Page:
Ah, the memory of Brandon David Adams. It is highly unlikely that he will read this and, if he does, it will be a miracle and a half if he writes to me concerning it (although if anyone wishes to tell him about this, be my guest -- I would love to be proven wrong here). Brandon is one of my favorite people in the world: the guy who lived across the hall from me freshman year of college who we first heard about as "the guy who tap dances." At first, this unnerved my roommate and I, who were both thoroughly entranced by the likes of alternative music (although he tended toward the Pixies and Diamanda Galas and I tended toward Depeche Mode and Erasure, meaning that we met in the middle at the Sisters of Mercy). And yet Brandon and we became very good friends, not in the least because the three of us were in glee club together and we were all in awe of Julie Kulchuk (née Full Fare), who came down to us lowly folks in the River Cluster to talk about what college freshmen do until we all fell asleep. Brandon was known among us for many things, including spontaneous tapping (which I still occasionally do) and inventing patently ridiculous sing-songs, such as the immortal "Juuuuu-lie/Julie, Julie Full Fare/She likes to watch you eat -- yay!"
Note the "yay!" Indeed, this is a constant Brandonism, a word forever associated with him. Oftentimes, it precedes a distrubingly horrific concept so as to disarm it completely and make it seem light-hearted and carefree. For example: "Yay! Nuclear war!"; "Yay! We're going to be disemboweled by heathens!" and the ever-popular standard: "Yay! Death!" I was attached to post-teenage morbidity by way of Depeche Mode; Brandon with an exclamation. (Aside: Brandon's other refrain, also repeated by the aforementioned Ms. Full Fare, was -- spoken in a happy, sing-songy voice -- "Sadness! Sorrow! Doom! Despair!" The exclamation points here are not merely written punctuation either.)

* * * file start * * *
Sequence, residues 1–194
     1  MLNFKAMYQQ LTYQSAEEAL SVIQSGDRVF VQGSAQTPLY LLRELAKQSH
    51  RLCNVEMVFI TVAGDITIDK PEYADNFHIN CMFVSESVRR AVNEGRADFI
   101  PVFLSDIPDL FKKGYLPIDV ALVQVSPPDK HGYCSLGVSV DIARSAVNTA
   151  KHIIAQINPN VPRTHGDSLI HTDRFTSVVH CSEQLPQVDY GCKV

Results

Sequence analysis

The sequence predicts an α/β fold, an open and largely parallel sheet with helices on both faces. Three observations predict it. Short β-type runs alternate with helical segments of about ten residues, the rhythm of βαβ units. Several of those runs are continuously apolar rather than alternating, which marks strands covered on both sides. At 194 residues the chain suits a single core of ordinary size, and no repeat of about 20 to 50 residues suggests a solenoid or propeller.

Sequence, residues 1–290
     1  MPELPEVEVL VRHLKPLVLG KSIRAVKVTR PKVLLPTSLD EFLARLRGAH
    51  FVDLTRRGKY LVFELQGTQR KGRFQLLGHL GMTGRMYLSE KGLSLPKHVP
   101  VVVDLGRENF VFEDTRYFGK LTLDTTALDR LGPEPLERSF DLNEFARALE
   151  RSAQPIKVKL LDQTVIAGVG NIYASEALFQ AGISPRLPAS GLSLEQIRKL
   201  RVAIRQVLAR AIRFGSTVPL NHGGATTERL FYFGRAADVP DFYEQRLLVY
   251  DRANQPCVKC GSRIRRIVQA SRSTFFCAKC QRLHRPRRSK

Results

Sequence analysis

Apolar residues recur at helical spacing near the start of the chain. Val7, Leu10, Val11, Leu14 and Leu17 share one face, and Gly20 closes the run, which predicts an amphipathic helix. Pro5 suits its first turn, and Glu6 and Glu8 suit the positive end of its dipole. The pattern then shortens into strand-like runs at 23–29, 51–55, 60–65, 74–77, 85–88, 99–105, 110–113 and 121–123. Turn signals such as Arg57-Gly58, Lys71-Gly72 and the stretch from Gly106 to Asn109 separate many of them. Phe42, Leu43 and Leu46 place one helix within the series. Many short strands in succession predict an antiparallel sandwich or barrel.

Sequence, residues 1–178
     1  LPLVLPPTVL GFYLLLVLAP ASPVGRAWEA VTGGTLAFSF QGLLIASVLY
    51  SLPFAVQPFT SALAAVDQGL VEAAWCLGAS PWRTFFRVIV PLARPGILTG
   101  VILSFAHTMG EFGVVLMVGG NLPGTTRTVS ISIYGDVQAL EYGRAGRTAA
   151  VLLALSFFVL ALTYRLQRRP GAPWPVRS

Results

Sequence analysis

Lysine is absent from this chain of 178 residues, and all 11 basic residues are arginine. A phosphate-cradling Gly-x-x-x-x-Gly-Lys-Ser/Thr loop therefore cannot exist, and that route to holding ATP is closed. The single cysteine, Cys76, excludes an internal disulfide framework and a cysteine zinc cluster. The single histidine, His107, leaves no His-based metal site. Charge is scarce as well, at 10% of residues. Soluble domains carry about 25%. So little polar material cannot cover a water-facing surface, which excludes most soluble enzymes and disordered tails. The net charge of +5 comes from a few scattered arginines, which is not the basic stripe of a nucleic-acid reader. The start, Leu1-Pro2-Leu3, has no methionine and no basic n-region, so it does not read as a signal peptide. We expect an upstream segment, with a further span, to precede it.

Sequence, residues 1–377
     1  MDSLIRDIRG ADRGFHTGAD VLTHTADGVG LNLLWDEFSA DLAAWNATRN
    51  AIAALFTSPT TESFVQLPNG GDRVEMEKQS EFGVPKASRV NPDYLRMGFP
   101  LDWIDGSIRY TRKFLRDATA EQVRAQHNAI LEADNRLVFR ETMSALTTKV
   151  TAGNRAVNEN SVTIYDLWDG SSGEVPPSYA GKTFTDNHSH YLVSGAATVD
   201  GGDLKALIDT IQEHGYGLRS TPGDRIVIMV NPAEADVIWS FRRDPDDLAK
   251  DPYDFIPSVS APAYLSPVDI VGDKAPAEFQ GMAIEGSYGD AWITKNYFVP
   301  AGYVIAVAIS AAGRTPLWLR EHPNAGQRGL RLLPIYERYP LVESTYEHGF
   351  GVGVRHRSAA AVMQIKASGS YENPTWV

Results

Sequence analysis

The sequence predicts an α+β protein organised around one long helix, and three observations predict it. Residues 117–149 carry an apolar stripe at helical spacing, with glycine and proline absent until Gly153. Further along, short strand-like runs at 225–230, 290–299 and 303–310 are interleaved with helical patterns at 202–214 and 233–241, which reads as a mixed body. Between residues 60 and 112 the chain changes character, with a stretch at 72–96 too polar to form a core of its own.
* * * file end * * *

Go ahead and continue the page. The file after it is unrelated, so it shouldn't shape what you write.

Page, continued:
Here's the issue: I find myself saying "Yay!!" a lot these days.
Granted, this is because I'm Xan's primary caretaker for now. And he's learned how to smile, which sends him (and me) into sensory overload with joy. He's also almost carrying on conversations with me via some mutlisyllabic cooing, which is also adorable. And so, when something funny happens, or he's done something cool, or he's just looking awfully cute, I've tened to respond with a heartfelt "Yay!!" Ever the linguist, Ange says that while Brandon uses the construction "Yay, object," I have tended to use "Object, yay." (In case you didn't know this, my wife did an analysis of the grammatical inconsistencies in Yoda-speak in graduate school.)
At least I haven't devolved into the baby-talk gobbledy-gook that I find somewhat idiotic. Nonetheless, I'm wondering how my actions this summer are going to haunt my everyday life, particularly when I go back to teach in the fall.
"So, class, how might we approach the rampant sexuality in Cuarón's Y tu mamá también?"
"Well, the raw use of the hand-held camera might expose the empty significance of the sexuality."
"Empty signifiance -- yay!! You did soooooo well, Emily! Yes, you did! You did really well!"
"But Professor Middents, I was going to say that! Why didn't you pick me?"
"Oooooh, Todd, I know you have a crush on Emily. I know you feel bad. Iiiiit's OK. Here, let me put you on my shoulder and pat your back so that I can get some of that gas out of you. Theeeere we go."
"Wait a minute, this is really kinda wei- urp!"
"Are you still talking? Here, try this pacifier. Thaaaaat's a gooooood boooooy, yes you are. Professor Middents is going to teach now, OK Todd? Good."
I'm telling you -- I think a clause concerning the use of pacifiers is going into the next set of syllabi, right next to the part where I inform them how I will break their cell phones if they go off during class. Pacifiers, yay!